Did 'Intercept' Out Its Intelligence Source?
STEVE INSKEEP, HOST:
A news site that broke a big story this week faces questions about how it did so. The Intercept published a National Security Agency document about Russian interference in the presidential election. The question is whether The Intercept missed a chance to protect its source. NPR's David Folkenflik reports.
DAVID FOLKENFLIK, BYLINE: Megyn Kelly of NBC News recently asked Russian President Vladimir Putin about allegations of Russian hacking.
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PRESIDENT VLADIMIR PUTIN: (Through interpreter) Hackers can be anywhere. They can be in Russia, in Asia, even in America, Latin America.
FOLKENFLIK: That's the voice of NBC's interpreter over Putin.
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PUTIN: (Through interpreter) They can even be hackers, by the way, in the United States, who very skillfully and professionally shifted the blame, as we say, onto Russia.
FOLKENFLIK: The Intercept revealed a top-secret analysis showing the Russians sought to penetrate U.S. local election systems across the country. The analysis arrived anonymously through the mail. An Intercept reporter shared a photo of the papers with a source, a government contractor whom he trusted, seeking to validate it. The printout included a postmark of Augusta, Ga., and microdots, a kind of computerized fingerprint. The contractor told his bosses, who informed the FBI.
BARTON GELLMAN: Look, communication security is really hard with a source. And it's a process. It's not one gadget or one piece of software. And so you have to feel for anyone who makes a mistake on this.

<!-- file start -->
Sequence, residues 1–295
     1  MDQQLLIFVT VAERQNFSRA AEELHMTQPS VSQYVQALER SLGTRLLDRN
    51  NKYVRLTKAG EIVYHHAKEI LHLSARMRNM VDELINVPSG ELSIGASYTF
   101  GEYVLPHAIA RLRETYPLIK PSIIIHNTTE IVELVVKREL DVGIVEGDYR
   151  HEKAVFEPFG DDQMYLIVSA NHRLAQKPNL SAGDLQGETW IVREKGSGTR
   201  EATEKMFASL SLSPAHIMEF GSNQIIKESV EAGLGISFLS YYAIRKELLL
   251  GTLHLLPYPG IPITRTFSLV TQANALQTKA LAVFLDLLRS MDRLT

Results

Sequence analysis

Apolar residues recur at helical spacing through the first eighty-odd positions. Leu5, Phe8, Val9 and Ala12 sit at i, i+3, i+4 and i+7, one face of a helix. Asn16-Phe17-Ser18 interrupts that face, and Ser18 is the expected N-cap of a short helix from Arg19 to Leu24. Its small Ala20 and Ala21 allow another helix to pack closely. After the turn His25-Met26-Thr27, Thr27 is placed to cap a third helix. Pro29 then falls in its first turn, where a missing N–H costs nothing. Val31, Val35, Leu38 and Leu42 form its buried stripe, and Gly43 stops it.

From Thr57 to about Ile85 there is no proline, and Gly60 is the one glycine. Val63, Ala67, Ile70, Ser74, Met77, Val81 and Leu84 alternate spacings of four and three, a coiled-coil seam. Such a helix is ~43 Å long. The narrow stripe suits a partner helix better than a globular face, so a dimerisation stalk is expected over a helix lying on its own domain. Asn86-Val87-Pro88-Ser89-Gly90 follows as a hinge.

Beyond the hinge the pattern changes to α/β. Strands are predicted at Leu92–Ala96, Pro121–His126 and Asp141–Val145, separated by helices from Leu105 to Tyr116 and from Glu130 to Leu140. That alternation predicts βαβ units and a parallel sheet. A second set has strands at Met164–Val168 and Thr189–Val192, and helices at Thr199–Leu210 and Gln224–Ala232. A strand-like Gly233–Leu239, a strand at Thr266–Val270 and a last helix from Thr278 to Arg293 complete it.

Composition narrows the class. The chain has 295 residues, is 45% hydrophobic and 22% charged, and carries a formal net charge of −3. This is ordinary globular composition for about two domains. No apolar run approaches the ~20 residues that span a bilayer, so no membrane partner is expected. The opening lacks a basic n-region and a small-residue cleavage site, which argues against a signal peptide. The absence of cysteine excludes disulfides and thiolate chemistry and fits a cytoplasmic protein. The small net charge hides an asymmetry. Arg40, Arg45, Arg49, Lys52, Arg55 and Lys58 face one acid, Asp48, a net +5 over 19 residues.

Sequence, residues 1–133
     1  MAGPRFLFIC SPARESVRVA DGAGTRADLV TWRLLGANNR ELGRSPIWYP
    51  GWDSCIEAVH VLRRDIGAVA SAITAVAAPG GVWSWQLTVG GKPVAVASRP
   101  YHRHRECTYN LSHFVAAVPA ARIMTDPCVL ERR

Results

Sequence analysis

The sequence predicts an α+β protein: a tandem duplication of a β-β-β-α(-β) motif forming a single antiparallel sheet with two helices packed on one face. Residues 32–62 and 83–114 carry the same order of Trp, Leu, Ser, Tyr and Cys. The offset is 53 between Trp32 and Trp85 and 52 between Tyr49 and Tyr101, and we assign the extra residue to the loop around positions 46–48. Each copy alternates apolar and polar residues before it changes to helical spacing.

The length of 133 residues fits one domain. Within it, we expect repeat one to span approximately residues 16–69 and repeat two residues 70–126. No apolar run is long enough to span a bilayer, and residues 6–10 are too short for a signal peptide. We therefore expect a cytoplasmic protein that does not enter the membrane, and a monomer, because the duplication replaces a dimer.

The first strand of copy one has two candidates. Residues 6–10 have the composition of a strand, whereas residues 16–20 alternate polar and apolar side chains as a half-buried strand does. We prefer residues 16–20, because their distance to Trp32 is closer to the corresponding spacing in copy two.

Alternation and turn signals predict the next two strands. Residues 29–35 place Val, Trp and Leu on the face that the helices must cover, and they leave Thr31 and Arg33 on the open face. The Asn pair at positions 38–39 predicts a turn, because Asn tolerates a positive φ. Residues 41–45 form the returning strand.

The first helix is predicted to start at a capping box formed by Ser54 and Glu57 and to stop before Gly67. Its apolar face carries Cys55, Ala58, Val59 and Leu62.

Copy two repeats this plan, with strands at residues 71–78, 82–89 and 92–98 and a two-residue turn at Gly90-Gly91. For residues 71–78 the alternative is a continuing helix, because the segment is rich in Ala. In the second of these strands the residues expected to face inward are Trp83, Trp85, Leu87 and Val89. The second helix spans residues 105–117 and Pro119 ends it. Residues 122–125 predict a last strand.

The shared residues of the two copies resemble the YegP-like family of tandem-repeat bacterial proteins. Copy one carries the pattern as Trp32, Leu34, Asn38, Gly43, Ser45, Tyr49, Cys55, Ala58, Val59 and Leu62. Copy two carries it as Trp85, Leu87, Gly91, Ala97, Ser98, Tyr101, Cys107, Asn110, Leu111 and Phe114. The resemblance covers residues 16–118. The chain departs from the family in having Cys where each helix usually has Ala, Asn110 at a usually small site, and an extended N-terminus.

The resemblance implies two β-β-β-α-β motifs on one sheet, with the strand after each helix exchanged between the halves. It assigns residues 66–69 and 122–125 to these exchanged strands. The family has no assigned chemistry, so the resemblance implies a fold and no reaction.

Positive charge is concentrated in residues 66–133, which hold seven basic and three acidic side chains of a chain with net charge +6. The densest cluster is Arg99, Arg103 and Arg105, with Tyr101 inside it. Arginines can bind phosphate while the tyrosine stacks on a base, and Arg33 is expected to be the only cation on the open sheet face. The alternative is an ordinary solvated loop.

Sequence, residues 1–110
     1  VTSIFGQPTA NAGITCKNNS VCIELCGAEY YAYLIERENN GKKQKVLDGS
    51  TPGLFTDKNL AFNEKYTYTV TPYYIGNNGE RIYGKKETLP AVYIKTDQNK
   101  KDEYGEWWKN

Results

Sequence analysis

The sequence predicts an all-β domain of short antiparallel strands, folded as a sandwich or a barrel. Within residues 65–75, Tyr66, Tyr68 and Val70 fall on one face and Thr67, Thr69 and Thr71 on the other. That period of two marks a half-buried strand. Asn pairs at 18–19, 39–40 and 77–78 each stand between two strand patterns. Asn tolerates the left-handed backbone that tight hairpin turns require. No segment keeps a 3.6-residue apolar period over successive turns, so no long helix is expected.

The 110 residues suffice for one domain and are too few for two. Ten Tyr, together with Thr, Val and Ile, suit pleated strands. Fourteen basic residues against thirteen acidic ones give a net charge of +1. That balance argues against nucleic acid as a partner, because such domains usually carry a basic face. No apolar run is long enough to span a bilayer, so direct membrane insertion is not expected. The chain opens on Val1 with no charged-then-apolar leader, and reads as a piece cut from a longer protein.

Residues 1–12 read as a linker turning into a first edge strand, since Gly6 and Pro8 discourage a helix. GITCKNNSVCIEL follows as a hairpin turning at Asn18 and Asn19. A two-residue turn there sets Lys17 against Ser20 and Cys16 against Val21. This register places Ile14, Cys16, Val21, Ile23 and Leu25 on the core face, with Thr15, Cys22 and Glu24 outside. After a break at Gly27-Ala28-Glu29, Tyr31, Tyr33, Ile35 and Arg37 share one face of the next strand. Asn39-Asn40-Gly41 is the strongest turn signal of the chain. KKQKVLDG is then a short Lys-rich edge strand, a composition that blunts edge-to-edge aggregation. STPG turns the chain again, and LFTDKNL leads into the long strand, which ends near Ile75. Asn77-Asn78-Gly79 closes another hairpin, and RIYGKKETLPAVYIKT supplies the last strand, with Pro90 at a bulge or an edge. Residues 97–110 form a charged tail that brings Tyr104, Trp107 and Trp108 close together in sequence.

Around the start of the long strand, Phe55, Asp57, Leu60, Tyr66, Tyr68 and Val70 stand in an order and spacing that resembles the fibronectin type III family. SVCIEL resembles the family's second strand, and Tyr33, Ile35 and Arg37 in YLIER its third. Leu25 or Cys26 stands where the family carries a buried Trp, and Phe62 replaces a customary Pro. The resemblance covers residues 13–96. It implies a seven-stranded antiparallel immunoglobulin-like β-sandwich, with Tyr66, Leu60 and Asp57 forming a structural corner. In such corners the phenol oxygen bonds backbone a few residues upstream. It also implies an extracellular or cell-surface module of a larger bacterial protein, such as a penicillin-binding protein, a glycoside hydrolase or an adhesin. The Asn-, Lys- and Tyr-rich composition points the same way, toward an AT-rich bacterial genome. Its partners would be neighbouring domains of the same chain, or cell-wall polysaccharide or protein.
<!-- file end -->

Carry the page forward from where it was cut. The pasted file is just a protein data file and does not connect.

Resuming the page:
FOLKENFLIK: Barton Gellman of the Century Foundation is a Pulitzer Prize-winning national security reporter.
GELLMAN: The Intercept made several bad mistakes here. And it's more surprising because The Intercept has some of the world's best Comsec talent working there.
FOLKENFLIK: Federal authorities arrested a 25-year-old government contractor who works in Augusta. She's named Reality Winner. Authorities cited The Intercept's images as evidence.
RAJ DE: Most intelligence professionals take their duties to protect information seriously, but the continuous leaks of classified information, particularly in recent months, is troubling and disheartening.
FOLKENFLIK: That's Raj De, former general counsel for the National Security Agency. De joined the agency after a massive leak by a former NSA contractor, Edward Snowden.
DE: Leaks of classified information to the media or elsewhere can be damaging in a whole range of ways that may not be immediately apparent, whether it's damage to sources and methods or information that's helpful to our adversaries.
FOLKENFLIK: Washington Post media critic Erik Wemple has argued the FBI would have been able to identify Reality Winner readily, whatever The Intercept did. Only six people with government clearance printed out the document. She was one of them. And she has disparaged President Trump on her social media accounts.
Winner joins a growing list of those prosecuted in recent years under the Espionage Act for leaking to reporters, rather than for spying for foreign powers. Given Trump's frequent rants about the media, journalists have expressed fears of a crackdown.
GELLMAN: I mean, we're in the middle of a huge national debate on the extent and impact of meddling by Russia on the U.S. election.
FOLKENFLIK: Barton Gellman notes President Trump has a stake in the outcome of that debate.
GELLMAN: This document was an important piece of evidence on what the U.S. government knows and how it knows it. The disclosures in that document are being overshadowed by what happened to the source, and that's too bad. It's too bad for investigative reporting, and it's too bad for the country right now.
FOLKENFLIK: The Intercept declined to comment for this story. David Folkenflik, NPR News.
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